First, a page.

The five book titles in the two series are the same—
The Poker Club: Little J and Roger, Book Two
The Poker Club: Julian’s Private Scrapbook, Part 2
The Shooting Gallery: Little J and Roger, Book Three
The Shooting Gallery: Julian’s Private Scrapbook, Part 3
Thunder and Lightning: Little J and Roger, Book Four
Thunder and Lightning: Julian’s Private Scrapbook, Part 4
The Champions: Little J and Roger, Book Five
The Champions: Julian’s Private Scrapbook, Part 5
but the books themselves are not the same. Herewith is an essay to explain the difference, and why the individual titles were left unchanged.
We begin with a flashback in time. Even though friends and relatives had been urging me to write for some time, writing a novel on this or any subject was a notion I never entertained. I did not felt the need or the motivation; I was not convinced I could do such a thing as write a novel. Most of my experience was in analytic prose and editorial composition. Fiction was too daunting—my idea of what writing a novel would entail and require had kept me from considering it seriously. That attitude changed rather abruptly one evening as I sat watching the news on television.
Sometime in 2006, a local news item was handled with typical sensationalism and bluster. It was one of those occasional “alleged” molestation stories about a coach who is accused of having a sexual relationship with one of the athletes.
Its formulaic holier-than-thou clucking was more offensive than usual. It was clear that the reporter or writer of the feature was out for scandal mongering above all, and that the true story was not a concern. Tabloid trash, pure and simple.
Those stories are rarely if ever treated honestly. In the first place, concern for the victim is not the motivator. In the second, they are eager to trash an alleged offender regardless of the true facts. Peoples’ lives are damaged in the process, and the social fabric is smeared rather than cleansed.
The media had once again played prosecutor, jury and judge in a kangaroo court that allows no defense. The innocent are not protected, and the guilty may or may not have been discovered and punished.
But those were never the purpose of the reporting.
I have known individuals who have been victimized by the media, and am always offended and outraged when I see what may be yet another abuse by our so called free press. That was the original motivator for writing Little J and Roger.
I created two characters to illustrate a story that might have been told if the media were out to tell the truth. It was extrapolated from real persons and their experiences. It was not meant to tell any particular person’s story, so it was thoroughly fictionalized. The nature of the relationship itself is the main issue; the individual persons are component parts.
Character 1: The predator: an adolescent develops a crush on an adult.
Character 2: The victim: a vulnerable adult gets caught.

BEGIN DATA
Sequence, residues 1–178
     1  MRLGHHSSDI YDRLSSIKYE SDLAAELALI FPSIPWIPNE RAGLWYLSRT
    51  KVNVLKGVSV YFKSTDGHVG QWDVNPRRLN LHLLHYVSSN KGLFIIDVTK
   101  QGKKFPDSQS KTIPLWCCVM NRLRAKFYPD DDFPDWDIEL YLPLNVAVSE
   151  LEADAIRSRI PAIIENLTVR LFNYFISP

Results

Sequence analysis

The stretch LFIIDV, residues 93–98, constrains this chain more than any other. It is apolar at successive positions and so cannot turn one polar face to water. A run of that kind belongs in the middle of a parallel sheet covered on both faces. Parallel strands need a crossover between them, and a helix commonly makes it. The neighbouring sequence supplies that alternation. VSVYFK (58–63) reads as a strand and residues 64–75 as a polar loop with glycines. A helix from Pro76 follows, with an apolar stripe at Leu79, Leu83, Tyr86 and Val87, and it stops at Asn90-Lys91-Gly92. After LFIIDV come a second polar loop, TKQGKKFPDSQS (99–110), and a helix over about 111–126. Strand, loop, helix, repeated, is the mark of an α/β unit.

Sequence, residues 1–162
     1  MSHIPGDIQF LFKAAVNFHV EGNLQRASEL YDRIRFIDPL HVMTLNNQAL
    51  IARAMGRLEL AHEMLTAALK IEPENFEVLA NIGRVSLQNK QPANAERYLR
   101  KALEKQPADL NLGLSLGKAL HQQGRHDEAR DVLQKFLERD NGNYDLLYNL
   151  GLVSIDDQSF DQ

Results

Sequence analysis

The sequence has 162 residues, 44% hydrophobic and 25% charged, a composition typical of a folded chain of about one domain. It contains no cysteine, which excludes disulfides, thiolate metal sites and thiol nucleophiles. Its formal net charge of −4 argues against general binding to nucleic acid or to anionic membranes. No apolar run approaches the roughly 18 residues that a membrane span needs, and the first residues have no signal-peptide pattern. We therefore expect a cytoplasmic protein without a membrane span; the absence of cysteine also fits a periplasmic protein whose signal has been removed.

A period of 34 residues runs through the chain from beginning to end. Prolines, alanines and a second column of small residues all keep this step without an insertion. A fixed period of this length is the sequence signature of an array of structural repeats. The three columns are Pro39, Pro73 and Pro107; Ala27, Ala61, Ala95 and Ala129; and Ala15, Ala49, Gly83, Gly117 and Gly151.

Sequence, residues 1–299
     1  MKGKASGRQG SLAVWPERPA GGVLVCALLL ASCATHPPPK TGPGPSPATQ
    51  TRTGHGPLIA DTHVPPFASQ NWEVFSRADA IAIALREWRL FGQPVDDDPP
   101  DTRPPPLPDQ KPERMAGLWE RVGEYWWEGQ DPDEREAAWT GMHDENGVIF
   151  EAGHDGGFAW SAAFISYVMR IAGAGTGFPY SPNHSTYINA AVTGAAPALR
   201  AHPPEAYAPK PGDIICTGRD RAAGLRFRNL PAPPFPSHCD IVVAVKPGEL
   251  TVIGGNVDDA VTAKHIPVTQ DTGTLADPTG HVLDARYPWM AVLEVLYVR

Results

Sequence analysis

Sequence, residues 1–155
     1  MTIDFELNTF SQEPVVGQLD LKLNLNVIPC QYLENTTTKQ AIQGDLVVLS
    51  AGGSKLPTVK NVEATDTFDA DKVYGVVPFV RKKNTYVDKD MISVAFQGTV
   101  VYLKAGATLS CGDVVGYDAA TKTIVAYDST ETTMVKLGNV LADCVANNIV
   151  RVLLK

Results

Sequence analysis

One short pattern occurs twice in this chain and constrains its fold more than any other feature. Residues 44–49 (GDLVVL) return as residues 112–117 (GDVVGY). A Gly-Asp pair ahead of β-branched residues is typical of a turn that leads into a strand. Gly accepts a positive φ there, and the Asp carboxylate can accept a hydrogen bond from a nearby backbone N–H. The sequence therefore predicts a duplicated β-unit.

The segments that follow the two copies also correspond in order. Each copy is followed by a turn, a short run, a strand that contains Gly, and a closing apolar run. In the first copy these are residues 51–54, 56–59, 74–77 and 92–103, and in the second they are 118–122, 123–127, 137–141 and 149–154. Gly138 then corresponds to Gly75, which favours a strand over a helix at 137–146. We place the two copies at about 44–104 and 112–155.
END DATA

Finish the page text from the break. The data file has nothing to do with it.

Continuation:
The story: how does the adolescent plan and achieve his/her seduction objective? That was the original core of Little J and Roger. The story set out to explore the characters and examine how and why they functioned as they did. No pre-judgments or moralizing was allowed. These characters were examined in their own terms and on their terms. They were treated with sympathy and support, for the most part. The story could have been either heterosexual or homosexual. The latter was chosen; the whys of that decision is another subject altogether and will not crowd this essay.
So: Little J and Roger is about an illegal relationship: what is its nature, how did it come about, and what would its outcome likely be? It was placed in a setting that allowed time and opportunity to focus on aspects that are never otherwise examined. It was looked at directly and indirectly. Contrast and comparison with other relationships provided a context that maximized opportunities to consider love as a theme as well as a topic.
A secondary or companion issue was needed to give the main story depth and dimension. The issue of teen suicide provided the ideal companion. The number of adolescents that end their lives because of self-identity problems and social bullying is appalling. The media, of course, fails to take or get credit for its role in helping to create the hostile world that the teen can’t cope with.
In Little J and Roger a variety of personality types and circumstances were assembled to illustrate the coming of age process as it governs what boys do. The context in which they were placed, a summer camp, was chosen because it was a convenient way to remove the social prejudices of the everyday world and maintain an illusion of plausibility. The setting enables these characters to be seen as they are and as they could be. These are the boys that in the real world become the victims of bullies and prejudice.
Placing them in a happy place is a bit of a novelty, perhaps, but it serves the purpose of keeping the focus on the characters: what they need and are doing rather than on the usual fare of mean, hostile forces and the often tragic outcome of their story.
Shortly after the final eBook in the series was published, offers to put out print editions were received. The process of preparing both hard and paperback versions was begun. Soon, such open candor about this subject caused an unexpected reaction in some quarters—to say the least.
The Revised Edition story
For a little more than a year I was courted by print publishers. They were very regular in contacting me by e-mail and telephone. I’m not sure how this came to be, but it must have been because I made inquiries about agents and publishers as I was nearing completion of the first book in the Little J and Roger series.
At last, in October 2011, I was ready. All five books were published in electronic book editions, and my confidence in their quality was sufficient. I took the plunge, so to speak. I had spent some time examining various features and proposals, and a Canadian firm seemed to be the best, overall. They had been one of the first to contact me, and they had been regularly touching base to encourage me to become one of their authors. Every few months I would get an e-mail or a phone call.